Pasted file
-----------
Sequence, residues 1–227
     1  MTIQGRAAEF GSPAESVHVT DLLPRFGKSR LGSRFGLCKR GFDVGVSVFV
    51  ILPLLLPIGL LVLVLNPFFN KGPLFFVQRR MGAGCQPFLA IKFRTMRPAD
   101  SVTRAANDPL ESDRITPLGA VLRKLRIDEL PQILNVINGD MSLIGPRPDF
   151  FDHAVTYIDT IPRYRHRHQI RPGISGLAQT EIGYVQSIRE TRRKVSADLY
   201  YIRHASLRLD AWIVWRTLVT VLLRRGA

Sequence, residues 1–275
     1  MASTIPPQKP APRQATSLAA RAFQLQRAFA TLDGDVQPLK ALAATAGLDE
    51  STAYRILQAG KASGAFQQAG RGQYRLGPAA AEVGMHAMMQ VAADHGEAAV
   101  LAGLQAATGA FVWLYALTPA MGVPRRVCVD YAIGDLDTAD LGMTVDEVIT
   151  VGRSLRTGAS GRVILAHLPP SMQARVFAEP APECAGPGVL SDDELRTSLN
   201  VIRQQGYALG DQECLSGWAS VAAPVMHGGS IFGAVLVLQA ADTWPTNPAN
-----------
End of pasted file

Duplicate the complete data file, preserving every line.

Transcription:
Sequence, residues 1–227
     1  MTIQGRAAEF GSPAESVHVT DLLPRFGKSR LGSRFGLCKR GFDVGVSVFV
    51  ILPLLLPIGL LVLVLNPFFN KGPLFFVQRR MGAGCQPFLA IKFRTMRPAD
   101  SVTRAANDPL ESDRITPLGA VLRKLRIDEL PQILNVINGD MSLIGPRPDF
   151  FDHAVTYIDT IPRYRHRHQI RPGISGLAQT EIGYVQSIRE TRRKVSADLY
   201  YIRHASLRLD AWIVWRTLVT VLLRRGA

Sequence, residues 1–275
     1  MASTIPPQKP APRQATSLAA RAFQLQRAFA TLDGDVQPLK ALAATAGLDE
    51  STAYRILQAG KASGAFQQAG RGQYRLGPAA AEVGMHAMMQ VAADHGEAAV
   101  LAGLQAATGA FVWLYALTPA MGVPRRVCVD YAIGDLDTAD LGMTVDEVIT
   151  VGRSLRTGAS GRVILAHLPP SMQARVFAEP APECAGPGVL SDDELRTSLN
   201  VIRQQGYALG DQECLSGWAS VAAPVMHGGS IFGAVLVLQA ADTWPTNPAN